How Music Dies (or Lives): Field Recording and the Battle for Democracy in the Arts

by Ian Brennan

All recordings document life, arising from a specific time and place, and if that place is artificial, the results will be as well. Culled from a lifetime of learning through failure and designed to provoke thought and inspiration for artists in every medium, How Music Dies (or Lives) is a virtual how-to manual for those on a quest for authenticity in an age of airbrushed and Auto-Tuned so-called "artists. ” Author and Grammy-winning producer Ian Brennan chronicles his own journeys to find new and ancient sounds, textured voices, and nonmalleable songs, and he presents readers with an intricate look at our technological society. His concise prose covers topics such as: *The damages of colonization in generalizing distinctive variations *The need for imperfection *The gaps between manufacturing and invention *The saturation of music in everyday life This guide serves those who ask themselves, "What’s wrong with our culture?” Along with possible answers are lessons in using the microphone as a telescope, hearing the earth as an echo, and appreciating the value of democratizing voices.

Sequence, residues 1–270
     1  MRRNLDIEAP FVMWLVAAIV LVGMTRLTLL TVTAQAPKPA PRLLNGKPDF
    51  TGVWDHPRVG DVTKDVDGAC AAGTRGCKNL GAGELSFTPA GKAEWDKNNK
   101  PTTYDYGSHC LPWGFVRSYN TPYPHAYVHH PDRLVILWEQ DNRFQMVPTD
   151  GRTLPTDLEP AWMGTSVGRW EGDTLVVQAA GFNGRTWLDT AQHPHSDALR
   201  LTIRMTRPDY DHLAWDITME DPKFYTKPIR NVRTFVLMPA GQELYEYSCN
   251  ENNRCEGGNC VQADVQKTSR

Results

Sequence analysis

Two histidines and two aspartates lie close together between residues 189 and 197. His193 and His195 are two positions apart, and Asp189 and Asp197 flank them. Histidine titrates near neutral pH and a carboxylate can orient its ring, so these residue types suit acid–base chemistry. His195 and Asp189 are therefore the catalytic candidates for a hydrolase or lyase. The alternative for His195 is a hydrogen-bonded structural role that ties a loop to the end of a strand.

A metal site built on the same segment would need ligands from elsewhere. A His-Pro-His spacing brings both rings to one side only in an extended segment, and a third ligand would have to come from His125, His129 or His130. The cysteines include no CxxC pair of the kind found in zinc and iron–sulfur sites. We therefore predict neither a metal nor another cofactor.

How Music Got Free

by Stephen Witt